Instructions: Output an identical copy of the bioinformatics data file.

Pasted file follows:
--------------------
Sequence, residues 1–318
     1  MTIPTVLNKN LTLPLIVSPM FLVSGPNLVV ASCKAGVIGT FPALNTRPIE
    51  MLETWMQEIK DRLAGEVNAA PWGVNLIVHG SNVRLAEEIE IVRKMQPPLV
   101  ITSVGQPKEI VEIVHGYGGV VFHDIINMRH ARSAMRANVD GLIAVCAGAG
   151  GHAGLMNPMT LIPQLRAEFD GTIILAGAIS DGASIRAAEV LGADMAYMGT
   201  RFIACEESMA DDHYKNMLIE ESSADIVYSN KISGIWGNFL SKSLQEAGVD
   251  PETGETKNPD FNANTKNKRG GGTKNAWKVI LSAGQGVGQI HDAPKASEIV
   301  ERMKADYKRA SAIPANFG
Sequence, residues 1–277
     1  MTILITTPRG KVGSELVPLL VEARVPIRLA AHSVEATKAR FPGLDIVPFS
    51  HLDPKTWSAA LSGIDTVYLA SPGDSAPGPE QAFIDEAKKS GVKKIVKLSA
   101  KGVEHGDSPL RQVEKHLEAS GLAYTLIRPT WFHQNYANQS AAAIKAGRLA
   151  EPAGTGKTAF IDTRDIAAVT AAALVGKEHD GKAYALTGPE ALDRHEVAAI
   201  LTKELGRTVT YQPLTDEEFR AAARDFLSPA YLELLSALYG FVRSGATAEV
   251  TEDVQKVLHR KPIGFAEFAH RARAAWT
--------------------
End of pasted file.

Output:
Sequence, residues 1–318
     1  MTIPTVLNKN LTLPLIVSPM FLVSGPNLVV ASCKAGVIGT FPALNTRPIE
    51  MLETWMQEIK DRLAGEVNAA PWGVNLIVHG SNVRLAEEIE IVRKMQPPLV
   101  ITSVGQPKEI VEIVHGYGGV VFHDIINMRH ARSAMRANVD GLIAVCAGAG
   151  GHAGLMNPMT LIPQLRAEFD GTIILAGAIS DGASIRAAEV LGADMAYMGT
   201  RFIACEESMA DDHYKNMLIE ESSADIVYSN KISGIWGNFL SKSLQEAGVD
   251  PETGETKNPD FNANTKNKRG GGTKNAWKVI LSAGQGVGQI HDAPKASEIV
   301  ERMKADYKRA SAIPANFG
Sequence, residues 1–277
     1  MTILITTPRG KVGSELVPLL VEARVPIRLA AHSVEATKAR FPGLDIVPFS
    51  HLDPKTWSAA LSGIDTVYLA SPGDSAPGPE QAFIDEAKKS GVKKIVKLSA
   101  KGVEHGDSPL RQVEKHLEAS GLAYTLIRPT WFHQNYANQS AAAIKAGRLA
   151  EPAGTGKTAF IDTRDIAAVT AAALVGKEHD GKAYALTGPE ALDRHEVAAI
   201  LTKELGRTVT YQPLTDEEFR AAARDFLSPA YLELLSALYG FVRSGATAEV
   251  TEDVQKVLHR KPIGFAEFAH RARAAWT